Wednesday, August 10, 2005


9:37 p.m. I wasn't going to write about this case. No good feelings will come of it. It was the only time I ever fainted. It was the only time I totally lost it.

I never shared this with anybody and for good reason. There is no respite for a death investigator, you see. We are filled with stories of heartache and have no outlet except with each other. I even went to see a counselor years ago because I felt like I had to talk to somebody, but I could see in the doc's eyes that it was too much for her, so I had pity on her and stopped going... Besides, her solution was to teach me how to hypnotize myself into accepting the garbage that was coming into my heart and head without reacting emotionally. I found that patently unappealing. How can you grow from something if you don't allow yourself to feel it?

So, I'm writing these things down now mostly for the selfish reason that I have kept it inside for years and I don't want to anymore. And still, even after all that I will tell you, I assure you there are things floating around in my head so disturbing that I will never share them with anyone. Ever.

This case involves a child murder victim so if you don't feel like you can handle reading about it, I encourage you to stop right now. Remember that the images that I am about to present to you will stay with you forever. You will replay them in your mind over and over.

Consider yourself warned.

I am sitting at the computer writing an email to Olga. I am telling her about the people I work with. It's a pretty funny email. I talk about the butch lesbian who has a crush on Brunhilda. I talk about the gruff old guy who lost his front tooth two days ago and looks like a homeless vagrant. Suffice it to say, it's late at night and I am bored. I'm the only one at the morgue. And I have three hours to go before I can head home to my bed.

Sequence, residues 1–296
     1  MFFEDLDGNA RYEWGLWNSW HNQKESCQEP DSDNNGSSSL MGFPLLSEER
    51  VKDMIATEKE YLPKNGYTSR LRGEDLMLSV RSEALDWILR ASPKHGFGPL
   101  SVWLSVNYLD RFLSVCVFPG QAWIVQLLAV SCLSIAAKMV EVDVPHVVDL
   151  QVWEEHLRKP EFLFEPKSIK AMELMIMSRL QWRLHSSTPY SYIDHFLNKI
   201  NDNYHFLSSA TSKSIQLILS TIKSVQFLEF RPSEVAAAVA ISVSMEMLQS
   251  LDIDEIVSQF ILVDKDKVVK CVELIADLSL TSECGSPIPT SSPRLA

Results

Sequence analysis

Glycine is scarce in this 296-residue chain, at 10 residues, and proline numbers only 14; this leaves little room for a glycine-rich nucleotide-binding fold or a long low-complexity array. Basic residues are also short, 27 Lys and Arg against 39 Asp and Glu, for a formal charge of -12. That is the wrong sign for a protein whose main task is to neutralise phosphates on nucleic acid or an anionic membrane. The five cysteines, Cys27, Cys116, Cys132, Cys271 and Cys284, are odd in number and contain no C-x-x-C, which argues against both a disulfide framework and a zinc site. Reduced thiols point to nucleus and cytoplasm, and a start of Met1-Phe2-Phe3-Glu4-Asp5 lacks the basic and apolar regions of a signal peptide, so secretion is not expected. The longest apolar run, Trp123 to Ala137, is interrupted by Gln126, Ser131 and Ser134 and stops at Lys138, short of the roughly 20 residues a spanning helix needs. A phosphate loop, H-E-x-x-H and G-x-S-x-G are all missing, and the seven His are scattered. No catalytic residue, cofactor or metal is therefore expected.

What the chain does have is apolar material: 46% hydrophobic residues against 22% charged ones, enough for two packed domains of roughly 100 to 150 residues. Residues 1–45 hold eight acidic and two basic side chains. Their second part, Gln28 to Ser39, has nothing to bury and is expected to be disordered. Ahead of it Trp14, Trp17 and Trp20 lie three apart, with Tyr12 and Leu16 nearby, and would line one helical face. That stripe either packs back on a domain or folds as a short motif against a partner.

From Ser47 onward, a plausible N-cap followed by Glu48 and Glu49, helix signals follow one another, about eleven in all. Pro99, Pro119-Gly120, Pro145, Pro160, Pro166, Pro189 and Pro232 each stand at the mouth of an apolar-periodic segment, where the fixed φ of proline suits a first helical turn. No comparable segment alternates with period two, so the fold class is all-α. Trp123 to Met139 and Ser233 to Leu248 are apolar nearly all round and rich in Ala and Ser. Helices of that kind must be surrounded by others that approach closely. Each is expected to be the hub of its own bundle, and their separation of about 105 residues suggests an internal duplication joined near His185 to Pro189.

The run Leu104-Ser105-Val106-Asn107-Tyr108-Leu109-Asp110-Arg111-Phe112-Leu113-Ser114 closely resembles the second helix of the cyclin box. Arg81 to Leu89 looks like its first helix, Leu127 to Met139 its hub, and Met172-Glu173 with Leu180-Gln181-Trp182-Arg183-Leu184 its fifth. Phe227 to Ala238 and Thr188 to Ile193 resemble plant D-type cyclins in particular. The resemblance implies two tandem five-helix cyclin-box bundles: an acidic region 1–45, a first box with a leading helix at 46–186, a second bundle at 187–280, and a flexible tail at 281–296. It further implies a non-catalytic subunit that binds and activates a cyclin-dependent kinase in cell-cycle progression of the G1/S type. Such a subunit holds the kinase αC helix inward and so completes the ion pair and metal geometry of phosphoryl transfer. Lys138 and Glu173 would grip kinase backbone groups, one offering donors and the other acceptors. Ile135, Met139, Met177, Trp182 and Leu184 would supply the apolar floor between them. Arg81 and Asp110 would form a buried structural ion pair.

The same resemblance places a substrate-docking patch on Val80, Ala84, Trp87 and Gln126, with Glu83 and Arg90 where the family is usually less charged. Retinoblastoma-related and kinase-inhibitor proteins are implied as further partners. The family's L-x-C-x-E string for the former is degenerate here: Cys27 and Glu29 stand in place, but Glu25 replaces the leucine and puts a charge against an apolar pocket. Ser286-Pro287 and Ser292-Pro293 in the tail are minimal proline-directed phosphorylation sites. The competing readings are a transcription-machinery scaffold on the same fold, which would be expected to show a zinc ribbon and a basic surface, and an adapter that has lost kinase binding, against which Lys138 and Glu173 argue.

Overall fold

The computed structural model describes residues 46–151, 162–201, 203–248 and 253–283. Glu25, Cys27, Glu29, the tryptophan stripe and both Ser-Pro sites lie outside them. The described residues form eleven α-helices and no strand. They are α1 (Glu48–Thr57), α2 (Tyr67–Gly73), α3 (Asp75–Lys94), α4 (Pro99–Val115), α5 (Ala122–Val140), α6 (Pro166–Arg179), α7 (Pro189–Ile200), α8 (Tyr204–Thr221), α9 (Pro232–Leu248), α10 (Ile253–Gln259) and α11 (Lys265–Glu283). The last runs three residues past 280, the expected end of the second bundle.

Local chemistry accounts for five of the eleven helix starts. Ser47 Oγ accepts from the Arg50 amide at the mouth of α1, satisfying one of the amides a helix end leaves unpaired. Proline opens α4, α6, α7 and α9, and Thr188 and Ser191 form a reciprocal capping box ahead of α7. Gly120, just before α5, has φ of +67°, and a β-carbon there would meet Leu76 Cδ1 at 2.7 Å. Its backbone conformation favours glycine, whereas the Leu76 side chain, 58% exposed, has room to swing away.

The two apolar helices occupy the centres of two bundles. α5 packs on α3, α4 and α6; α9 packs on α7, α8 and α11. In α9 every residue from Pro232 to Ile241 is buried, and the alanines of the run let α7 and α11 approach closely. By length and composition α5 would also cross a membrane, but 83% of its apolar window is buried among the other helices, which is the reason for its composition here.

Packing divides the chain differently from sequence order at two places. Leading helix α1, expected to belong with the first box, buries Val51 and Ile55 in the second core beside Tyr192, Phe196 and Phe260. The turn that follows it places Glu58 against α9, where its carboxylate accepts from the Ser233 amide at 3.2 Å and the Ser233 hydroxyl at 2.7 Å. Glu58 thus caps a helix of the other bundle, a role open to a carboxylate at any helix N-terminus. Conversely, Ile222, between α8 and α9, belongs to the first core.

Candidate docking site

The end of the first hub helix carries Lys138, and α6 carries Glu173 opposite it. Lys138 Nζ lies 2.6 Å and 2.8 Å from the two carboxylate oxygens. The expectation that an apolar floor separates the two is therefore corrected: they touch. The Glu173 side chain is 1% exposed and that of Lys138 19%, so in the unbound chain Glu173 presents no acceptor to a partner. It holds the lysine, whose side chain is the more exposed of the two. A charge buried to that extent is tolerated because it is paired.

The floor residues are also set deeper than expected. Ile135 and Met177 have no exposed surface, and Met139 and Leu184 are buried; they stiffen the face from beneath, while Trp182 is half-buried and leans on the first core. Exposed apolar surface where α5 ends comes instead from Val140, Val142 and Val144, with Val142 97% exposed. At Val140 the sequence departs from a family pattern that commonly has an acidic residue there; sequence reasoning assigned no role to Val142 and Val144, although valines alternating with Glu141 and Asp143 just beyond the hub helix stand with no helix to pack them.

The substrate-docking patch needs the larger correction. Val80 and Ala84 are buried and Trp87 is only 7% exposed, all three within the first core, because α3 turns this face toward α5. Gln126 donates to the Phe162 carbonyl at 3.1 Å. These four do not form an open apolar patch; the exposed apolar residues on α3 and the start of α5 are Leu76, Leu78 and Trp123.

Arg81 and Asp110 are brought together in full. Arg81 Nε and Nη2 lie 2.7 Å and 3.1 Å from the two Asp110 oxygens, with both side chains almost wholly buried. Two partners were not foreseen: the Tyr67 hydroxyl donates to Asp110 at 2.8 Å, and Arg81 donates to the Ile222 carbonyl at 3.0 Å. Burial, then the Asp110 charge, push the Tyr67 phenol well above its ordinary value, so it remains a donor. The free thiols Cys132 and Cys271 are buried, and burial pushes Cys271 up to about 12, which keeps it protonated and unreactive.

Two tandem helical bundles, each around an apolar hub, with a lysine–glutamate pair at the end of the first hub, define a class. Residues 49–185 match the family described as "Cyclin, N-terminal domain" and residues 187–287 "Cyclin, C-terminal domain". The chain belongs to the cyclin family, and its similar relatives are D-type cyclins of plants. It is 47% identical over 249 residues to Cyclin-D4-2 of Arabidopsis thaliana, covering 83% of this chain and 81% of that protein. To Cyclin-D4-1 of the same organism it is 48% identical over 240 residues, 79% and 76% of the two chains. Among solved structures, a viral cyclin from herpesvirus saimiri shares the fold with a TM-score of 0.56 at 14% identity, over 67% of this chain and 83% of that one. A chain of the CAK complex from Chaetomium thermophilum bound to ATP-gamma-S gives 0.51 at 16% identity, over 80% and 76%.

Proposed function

At around 10:45 p.m. I get a call from the hospital. The head nurse tells me that a toddler has died and we need to pick him up for autopsy. She tells me the details of the case and my hands start to shake as I write. A little boy. 18 months old. His father killed him. Head trauma.

I don't bother calling Dwight. The hospital is a few hundred feet from the MEO and babies can be transported in the Explorer.

I don't pack any gloves. I won't need them. I don't want them. Babies shouldn't be held with gloves.

I drive up to the emergency entrance and park the Explorer in the pick-up area. I go inside and a nurse points me to the morgue. A technician is there with medical records in hand. He gives them to me, asks me to sign a release form, and leaves the room.

The little boy is lying on a gurney. It is huge compared to his little body. He looks so peaceful lying there. His chubby little cheeks are pale and creamy and his head, what isn't wrapped in bandages, is full of dark brown curls. The IV is still in his hand and I get an overwhelming urge to remove it. That must hurt. But I can't. All of the puncture wounds, marks, abrasions, bruises...need to be documented thoroughly by the ME.